Understanding your estate and tax planning options.
Lazy days of carefree fun with no schedule, hiking, boating and marshmallows around the campfire are the memories that can stay with you for a lifetime. And whether it’s a simple off-grid shack or something a bit fancier, cottages are special places that bring families together over generations.
But there are some serious questions about the family cottage that require careful consideration. Aside from the fun and relaxing lifestyle, how does the cottage fit with your estate plan? Can you afford to pass it down to a younger family member or do you need or want to sell it? Do your heirs even want it? What are the tax implications involved in transferring the ownership of the property? These questions may seem overwhelming, but learning about what’s involved can help.
Thanks, but no thanks
Your love for the cottage may run deep, and it can be natural to assume that your children feel the same way. But do they? Why not take a step back and look objectively at what’s involved in keeping your cottage in the family? Maybe it’s time to talk to your children or grandchildren to gauge their desire to accept the responsibility, as well as the costs. Property taxes, utility bills and general upkeep can easily run into thousands of dollars annually. And in this age of property rental apps, renting someone else’s cottage for a few days or weeks at a time, may be more aligned with their comfort level, rather than being on the hook for the maintenance of their own property.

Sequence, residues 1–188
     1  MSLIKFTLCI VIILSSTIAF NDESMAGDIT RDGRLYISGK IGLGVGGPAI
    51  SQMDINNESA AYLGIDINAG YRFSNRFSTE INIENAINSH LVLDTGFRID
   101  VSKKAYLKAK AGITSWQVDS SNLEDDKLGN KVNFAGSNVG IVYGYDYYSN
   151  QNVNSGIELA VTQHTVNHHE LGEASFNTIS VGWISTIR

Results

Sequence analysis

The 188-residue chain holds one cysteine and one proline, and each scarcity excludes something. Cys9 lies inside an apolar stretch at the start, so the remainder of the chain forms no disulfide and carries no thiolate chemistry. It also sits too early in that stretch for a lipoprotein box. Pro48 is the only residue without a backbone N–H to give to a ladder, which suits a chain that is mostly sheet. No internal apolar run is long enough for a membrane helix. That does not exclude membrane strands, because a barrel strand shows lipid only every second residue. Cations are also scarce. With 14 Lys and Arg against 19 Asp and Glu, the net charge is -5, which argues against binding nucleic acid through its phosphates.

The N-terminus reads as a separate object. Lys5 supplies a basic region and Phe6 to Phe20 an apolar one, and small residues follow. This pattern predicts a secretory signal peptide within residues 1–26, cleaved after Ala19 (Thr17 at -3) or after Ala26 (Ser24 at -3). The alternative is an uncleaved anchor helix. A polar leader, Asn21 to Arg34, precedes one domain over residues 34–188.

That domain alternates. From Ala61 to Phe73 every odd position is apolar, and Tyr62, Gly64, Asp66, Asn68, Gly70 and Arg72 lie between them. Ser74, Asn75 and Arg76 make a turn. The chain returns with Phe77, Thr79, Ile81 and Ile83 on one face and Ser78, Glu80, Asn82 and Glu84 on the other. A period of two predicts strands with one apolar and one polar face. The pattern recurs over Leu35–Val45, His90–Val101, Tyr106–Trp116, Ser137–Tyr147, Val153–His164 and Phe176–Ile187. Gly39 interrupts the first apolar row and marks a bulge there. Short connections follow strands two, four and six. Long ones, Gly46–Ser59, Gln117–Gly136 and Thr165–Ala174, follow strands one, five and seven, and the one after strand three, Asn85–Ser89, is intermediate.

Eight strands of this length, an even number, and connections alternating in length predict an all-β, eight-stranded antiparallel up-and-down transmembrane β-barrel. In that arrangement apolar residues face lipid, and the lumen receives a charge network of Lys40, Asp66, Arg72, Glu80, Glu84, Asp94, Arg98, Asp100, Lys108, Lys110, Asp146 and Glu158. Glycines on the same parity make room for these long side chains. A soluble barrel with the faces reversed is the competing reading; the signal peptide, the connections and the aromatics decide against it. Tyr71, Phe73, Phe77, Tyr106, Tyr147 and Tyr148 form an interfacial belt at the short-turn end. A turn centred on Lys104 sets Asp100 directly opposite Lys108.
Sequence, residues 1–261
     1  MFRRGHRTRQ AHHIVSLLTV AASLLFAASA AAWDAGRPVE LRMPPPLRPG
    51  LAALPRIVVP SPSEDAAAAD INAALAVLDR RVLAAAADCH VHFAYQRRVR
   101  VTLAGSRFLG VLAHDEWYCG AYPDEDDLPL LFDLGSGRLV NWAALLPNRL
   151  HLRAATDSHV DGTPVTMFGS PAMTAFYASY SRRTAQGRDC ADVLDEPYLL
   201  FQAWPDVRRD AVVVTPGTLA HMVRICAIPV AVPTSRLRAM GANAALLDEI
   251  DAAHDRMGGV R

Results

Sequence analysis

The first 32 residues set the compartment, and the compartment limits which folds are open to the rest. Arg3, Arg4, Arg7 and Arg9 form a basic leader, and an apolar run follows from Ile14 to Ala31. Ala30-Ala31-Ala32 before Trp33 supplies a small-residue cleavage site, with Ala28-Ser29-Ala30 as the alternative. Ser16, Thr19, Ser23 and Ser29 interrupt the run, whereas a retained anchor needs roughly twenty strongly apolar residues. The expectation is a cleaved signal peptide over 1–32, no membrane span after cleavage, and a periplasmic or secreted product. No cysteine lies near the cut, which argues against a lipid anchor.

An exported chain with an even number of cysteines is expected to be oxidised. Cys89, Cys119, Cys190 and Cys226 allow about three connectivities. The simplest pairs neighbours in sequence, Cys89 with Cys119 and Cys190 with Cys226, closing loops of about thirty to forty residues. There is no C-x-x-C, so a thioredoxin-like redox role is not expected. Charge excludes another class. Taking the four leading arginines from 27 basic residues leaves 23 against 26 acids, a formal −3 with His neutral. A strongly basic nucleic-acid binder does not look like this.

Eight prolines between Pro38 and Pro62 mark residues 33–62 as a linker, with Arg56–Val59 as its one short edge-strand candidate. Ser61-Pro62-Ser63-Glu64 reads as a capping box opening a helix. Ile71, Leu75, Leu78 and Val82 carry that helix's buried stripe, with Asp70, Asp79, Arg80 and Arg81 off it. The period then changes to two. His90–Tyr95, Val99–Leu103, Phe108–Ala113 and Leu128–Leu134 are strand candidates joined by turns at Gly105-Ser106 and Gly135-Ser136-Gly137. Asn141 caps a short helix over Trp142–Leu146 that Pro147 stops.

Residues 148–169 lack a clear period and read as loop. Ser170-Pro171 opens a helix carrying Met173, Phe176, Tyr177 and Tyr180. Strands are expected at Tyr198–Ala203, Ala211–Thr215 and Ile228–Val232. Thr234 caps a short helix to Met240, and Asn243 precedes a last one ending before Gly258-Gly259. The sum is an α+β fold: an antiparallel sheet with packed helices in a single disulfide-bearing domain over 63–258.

If the desire simply isn’t there, then the next course of action may be to consider selling the cottage when the time is right. The money from the sale can then be added to your overall estate plan – shoring up investments, retirement income, inheritance plans and charitable giving. Meeting with your advisor to sort through the details will help determine if selling is the best choice and what the tax implications might be.
If you choose to sell
Like most real estate prices in Canada, cottage values have skyrocketed, and your little piece of paradise may be worth much more than what you initially paid for it. It’s important to note that the profit of the sale will be taxed as a capital gain, which can be a substantial amount.
But it’s possible to avoid the capital gain tax if the cottage qualifies for a principal residence exemption (PRE). As a result, tax is not paid on the gain of a principal residence. The application of the PRE is simpler when only one eligible property is owned. However, when two eligible properties are owned concurrently and one is sold, a decision needs to be made regarding the PRE.
In such cases, from a financial point of view, the PRE is often applied to the property with the highest average annual capital gain. This can be calculated by considering the fair market value of each property and the years of ownership. Your advisor can help to explain the calculations that go into determining the PRE.
For details on the calculation for tax purposes see: Principal residence and other real estate - Canada.ca
According to Canada’s Income Tax Act, a cottage can be designated as a principal residence if it meets the following criteria: